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Cognitivist Learning ( HMLT 5203). By Bundhun Amit Varma. Objectives. Define What is a cognitivism ? Recall 3 major theories in cognitivism Recall the 9 internal learning process involved in Instructional Design Review 8 Cognitive Instructional principles in training design

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objectives
Objectives
  • Define What is a cognitivism?
  • Recall 3 major theories in cognitivism
  • Recall the 9 internal learning process involved in Instructional Design
  • Review 8 Cognitive Instructional principles in training design
  • Name 4 cognitivism principles in online learning
what is cognitivism
What is cognitivism?
  • Answers how learning takes place inside the brain
  • Explains the Information processing approach
piaget s cognitive development
Piaget's Cognitive Development
  • Learning process is iterative
  • 3 cognitive process
john anderson s act r theory
John Anderson's ACT-R theory

Adaptive Control of Thought—Rational theory

john anderson s act r theory contd
John Anderson's ACT-R theory (contd)

Three stages of transformation

schema theory
Schema theory
  • provides an account to the knowledge abstract structures .
  • emphasizes the fact that information retained in memory is influenced by previous knowledge.
  • facilitate both encoding and retrieval
  • Three processes of schema acquisition and modification
    • Accretion - information is retained in a schema
    • Tuning - existing schema become consistent with experience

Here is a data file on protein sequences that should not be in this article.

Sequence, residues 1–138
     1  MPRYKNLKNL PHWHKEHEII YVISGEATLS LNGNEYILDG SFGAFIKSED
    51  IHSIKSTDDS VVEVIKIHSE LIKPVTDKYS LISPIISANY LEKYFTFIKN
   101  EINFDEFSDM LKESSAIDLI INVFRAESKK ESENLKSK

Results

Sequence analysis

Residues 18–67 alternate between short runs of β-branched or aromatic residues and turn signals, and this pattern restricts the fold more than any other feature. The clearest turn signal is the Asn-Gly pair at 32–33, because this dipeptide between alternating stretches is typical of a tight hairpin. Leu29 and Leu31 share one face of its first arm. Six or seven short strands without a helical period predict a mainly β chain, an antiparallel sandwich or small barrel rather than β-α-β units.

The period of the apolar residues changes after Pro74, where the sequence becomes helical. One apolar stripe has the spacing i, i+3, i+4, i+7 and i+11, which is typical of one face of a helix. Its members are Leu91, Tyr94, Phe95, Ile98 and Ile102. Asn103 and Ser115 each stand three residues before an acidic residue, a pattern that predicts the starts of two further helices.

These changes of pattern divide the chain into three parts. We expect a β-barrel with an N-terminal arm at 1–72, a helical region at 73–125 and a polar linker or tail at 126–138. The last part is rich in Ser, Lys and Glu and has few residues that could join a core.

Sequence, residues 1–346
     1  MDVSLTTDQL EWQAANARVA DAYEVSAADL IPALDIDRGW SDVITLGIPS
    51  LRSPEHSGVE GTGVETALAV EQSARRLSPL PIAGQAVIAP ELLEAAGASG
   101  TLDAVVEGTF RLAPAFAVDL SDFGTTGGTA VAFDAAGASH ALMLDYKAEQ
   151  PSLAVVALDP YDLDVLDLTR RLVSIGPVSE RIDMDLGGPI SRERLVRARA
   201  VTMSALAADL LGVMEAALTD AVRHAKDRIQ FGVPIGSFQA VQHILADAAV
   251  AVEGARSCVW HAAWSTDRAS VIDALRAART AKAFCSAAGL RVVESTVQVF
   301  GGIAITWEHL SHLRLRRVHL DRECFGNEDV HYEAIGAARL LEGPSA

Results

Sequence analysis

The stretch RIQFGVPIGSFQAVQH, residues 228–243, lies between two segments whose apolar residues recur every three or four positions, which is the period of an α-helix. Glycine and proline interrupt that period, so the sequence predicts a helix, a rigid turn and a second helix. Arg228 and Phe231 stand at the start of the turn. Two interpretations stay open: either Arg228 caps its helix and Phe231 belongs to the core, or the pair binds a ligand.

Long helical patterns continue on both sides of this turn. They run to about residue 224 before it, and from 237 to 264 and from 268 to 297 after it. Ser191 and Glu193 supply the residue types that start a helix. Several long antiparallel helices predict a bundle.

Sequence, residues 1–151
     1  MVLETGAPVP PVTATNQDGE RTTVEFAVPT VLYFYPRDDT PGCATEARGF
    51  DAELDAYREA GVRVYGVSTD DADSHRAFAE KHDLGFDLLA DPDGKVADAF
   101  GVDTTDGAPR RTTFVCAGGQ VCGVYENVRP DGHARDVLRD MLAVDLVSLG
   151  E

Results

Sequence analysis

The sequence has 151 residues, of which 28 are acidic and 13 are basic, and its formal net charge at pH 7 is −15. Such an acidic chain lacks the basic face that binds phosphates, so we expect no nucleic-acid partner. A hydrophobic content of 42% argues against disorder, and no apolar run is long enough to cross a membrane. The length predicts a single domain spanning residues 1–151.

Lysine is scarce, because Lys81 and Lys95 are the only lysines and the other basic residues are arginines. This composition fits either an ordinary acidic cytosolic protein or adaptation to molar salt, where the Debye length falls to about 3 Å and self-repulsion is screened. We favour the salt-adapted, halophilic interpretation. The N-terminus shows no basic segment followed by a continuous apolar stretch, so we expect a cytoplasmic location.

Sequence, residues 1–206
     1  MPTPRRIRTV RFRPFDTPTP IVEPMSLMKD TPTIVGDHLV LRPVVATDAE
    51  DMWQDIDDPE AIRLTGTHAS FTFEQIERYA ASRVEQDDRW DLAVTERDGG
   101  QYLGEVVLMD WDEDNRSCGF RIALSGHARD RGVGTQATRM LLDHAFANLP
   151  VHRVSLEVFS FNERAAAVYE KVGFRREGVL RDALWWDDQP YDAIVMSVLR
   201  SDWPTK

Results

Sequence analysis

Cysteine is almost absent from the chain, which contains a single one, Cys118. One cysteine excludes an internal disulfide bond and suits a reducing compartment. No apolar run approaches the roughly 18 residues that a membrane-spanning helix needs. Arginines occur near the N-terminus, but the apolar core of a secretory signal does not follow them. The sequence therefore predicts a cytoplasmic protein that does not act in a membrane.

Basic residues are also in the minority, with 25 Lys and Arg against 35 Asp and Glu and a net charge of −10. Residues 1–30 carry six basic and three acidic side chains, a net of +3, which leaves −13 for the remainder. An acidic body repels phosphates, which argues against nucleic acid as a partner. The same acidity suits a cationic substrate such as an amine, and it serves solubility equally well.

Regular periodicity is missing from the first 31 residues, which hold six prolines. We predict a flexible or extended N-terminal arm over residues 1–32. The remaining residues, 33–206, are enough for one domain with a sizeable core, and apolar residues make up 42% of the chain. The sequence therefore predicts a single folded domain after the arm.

• Reconstructing - replace schema to replace or incorporate old schema
instructional design and cognitivism
Instructional Design and Cognitivism
  • Instruction consists of a set of events external to the learner designed to support the internal processes of learning.

(Gagne, Briggs, & Wager, 1988)

Events

  • Nine events of instruction - Robert Gagné
cognitive instructional principles
Cognitive Instructional Principles
  • Content
    • Use different types of contents
      • Picture, charts , video, text, graphics, color, sound and animation
    • Break contents into chunks
cognitive instructional principles in training design
Cognitive Instructional Principles in Training Design
  • Situated learning
    • Teach knowledge and skills in context
    • Show the use of knowledge and skill in real life situation
cognitive instructional principles in training design1
Cognitive Instructional Principles in Training Design
  • Modeling and explaining
    • Explain related process through models and key principles
cognitive instructional principles in training design2
Cognitive Instructional Principles in Training Design
  • Coaching and Feedbacks
    • Provide feedback on performance, hints
    • Personalised attention

Hints

cognitive instructional principles in training design3
Cognitive Instructional Principles in Training Design
  • Scaffolding and fading